While we know that cats and babies can coexist harmoniously in the same family, there are still precautions that new or expecting parents can take to protect both baby and cat. Keep your cats indoors and don’t befriend your neighbor’s cats while you’re pregnant! The parasitic infection of cats, toxoplasmosis, can be caused by the cat eating small mammals or birds.
This parasite in a pregnant woman can lead to miscarriage, stillbirth, or birth defects such as blindness, deafness, hydrocephalus, or epilepsy.
Toxoplasmosis cysts are excreted in the faeces of infected animals. Because cats often use gardens as litter boxes, always wear gloves when gardening. Also wear gloves when washing raw fruits and vegetables, handling raw meat, or cleaning food preparation surfaces, and do not rub your eyes until you have washed your hands. It is also best not to eat or feed your cat raw or undercooked meat. To prevent infection of cysts that are passed in the faeces, scoop up the faeces at least twice a day.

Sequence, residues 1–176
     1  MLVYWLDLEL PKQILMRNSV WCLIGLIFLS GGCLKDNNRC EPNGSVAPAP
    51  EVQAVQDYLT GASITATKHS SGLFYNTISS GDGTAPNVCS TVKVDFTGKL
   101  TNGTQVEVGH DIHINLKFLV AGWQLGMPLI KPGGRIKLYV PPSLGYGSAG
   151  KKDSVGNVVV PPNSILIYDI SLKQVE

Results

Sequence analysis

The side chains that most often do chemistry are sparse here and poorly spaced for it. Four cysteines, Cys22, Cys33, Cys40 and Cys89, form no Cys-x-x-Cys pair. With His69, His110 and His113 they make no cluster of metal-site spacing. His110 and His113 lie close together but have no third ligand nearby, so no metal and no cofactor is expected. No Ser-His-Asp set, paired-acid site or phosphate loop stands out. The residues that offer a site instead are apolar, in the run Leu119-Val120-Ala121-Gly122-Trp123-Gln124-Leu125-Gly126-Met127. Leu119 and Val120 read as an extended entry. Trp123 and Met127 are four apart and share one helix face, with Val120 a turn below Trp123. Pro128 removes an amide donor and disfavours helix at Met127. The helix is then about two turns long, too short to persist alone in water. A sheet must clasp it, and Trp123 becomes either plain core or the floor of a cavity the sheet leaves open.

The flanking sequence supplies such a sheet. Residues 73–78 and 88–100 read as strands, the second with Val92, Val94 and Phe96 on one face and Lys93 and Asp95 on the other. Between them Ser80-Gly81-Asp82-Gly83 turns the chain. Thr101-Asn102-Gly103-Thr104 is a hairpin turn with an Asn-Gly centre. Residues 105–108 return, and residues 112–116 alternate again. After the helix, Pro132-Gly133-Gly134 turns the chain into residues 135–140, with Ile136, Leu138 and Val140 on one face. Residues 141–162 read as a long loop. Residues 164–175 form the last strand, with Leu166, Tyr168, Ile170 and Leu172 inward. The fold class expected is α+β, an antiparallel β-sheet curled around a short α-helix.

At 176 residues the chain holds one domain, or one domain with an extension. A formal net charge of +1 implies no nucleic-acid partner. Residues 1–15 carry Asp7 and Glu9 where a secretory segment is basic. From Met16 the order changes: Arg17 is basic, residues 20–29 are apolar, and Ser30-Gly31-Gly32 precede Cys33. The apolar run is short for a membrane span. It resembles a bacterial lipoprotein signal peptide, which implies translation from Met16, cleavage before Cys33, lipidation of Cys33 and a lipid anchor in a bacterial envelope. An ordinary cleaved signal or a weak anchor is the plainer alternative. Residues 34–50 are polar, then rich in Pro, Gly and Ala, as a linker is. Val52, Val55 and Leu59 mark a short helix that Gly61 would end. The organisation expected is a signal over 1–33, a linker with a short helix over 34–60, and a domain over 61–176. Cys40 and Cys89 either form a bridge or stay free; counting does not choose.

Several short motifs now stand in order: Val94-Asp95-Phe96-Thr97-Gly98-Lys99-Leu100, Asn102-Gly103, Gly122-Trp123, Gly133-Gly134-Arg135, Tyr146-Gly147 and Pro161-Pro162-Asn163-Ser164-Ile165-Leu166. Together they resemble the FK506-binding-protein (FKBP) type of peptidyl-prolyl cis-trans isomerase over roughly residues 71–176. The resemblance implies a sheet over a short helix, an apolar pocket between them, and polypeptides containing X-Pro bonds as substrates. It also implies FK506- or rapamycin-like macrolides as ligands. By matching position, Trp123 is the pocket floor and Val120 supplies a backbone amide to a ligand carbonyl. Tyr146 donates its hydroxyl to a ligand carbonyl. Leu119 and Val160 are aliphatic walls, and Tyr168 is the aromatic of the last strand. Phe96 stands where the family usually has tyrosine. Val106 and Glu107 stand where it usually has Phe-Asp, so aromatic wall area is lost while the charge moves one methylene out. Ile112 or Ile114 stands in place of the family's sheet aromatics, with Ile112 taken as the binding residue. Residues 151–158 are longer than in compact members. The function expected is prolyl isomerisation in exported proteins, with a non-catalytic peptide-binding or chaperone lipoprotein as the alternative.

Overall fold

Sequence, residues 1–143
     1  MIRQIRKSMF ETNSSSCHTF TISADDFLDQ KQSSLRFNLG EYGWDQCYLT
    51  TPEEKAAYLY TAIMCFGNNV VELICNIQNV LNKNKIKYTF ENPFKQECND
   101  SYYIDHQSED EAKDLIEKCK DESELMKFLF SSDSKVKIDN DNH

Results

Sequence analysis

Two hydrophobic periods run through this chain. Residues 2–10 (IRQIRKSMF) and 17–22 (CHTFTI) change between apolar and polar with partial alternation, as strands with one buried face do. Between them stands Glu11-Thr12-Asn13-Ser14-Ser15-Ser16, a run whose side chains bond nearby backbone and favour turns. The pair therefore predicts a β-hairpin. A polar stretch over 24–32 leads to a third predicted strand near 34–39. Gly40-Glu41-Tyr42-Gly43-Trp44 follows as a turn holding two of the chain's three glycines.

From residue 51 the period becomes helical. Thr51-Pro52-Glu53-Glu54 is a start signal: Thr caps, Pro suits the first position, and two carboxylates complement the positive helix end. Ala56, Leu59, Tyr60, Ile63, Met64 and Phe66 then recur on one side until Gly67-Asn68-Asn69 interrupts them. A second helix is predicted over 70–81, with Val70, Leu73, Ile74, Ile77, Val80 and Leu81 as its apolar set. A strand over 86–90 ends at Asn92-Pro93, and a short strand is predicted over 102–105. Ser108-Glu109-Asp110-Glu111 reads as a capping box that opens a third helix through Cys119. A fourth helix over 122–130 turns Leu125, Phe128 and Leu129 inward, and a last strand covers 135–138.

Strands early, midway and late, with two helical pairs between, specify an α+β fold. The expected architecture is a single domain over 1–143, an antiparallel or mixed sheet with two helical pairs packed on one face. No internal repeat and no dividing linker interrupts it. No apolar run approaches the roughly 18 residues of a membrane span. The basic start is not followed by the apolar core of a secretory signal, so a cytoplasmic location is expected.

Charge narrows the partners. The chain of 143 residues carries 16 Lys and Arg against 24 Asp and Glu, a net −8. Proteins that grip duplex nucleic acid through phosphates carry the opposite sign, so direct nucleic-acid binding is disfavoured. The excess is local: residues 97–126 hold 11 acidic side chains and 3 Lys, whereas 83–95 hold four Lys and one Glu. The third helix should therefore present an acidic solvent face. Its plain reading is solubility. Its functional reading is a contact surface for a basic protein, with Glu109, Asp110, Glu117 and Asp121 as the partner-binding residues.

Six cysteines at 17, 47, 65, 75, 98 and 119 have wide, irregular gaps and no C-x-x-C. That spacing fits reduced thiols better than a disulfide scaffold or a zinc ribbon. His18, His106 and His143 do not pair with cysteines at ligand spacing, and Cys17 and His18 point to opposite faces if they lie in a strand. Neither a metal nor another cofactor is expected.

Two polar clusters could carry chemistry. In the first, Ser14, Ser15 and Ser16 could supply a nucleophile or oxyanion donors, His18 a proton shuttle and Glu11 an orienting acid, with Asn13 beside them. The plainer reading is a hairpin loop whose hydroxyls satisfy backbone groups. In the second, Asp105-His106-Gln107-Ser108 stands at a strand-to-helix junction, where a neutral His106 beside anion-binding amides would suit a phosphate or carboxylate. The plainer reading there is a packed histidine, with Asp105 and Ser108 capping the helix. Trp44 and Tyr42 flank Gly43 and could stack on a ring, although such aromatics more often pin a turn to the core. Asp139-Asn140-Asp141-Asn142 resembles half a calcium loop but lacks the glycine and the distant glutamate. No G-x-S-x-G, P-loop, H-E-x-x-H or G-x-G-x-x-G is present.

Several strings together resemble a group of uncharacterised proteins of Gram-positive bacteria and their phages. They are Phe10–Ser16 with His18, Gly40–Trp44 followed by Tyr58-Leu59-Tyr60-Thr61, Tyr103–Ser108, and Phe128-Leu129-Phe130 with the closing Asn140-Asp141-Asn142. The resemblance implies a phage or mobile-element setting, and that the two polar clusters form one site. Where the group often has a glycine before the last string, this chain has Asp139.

Some cats do not tolerate change well. These are the cats most likely to be affected by the new baby, so use the entire pregnancy to slowly prepare them. Play recordings of baby sounds to get your cat accustomed to the new sounds she’s about to hear, or rub your hands with baby lotion before getting busy. with a cat something pleasant to create positive associations with children’s smells. Arrange the nursery furniture as soon as possible and give your cat a few weeks of inspection before you pick off-limits surfaces like the changing table and crib. Then, at least a month before the baby is born, make the surfaces inhospitable. Cut sheets of cardboard to fit the surface of the furniture and tape one side with double-sided tape/tape.
Cats tend to avoid sticky surfaces and should learn to stay away from those areas by the end of the month. If the tray was stored in a future nursery, start moving it a few inches a day to a new location a few months in advance. If the transition is made too quickly, your cat may return to the ground in its old place. Covering this area with a hard object, such as a diaper bucket or chest of drawers, may scare him away.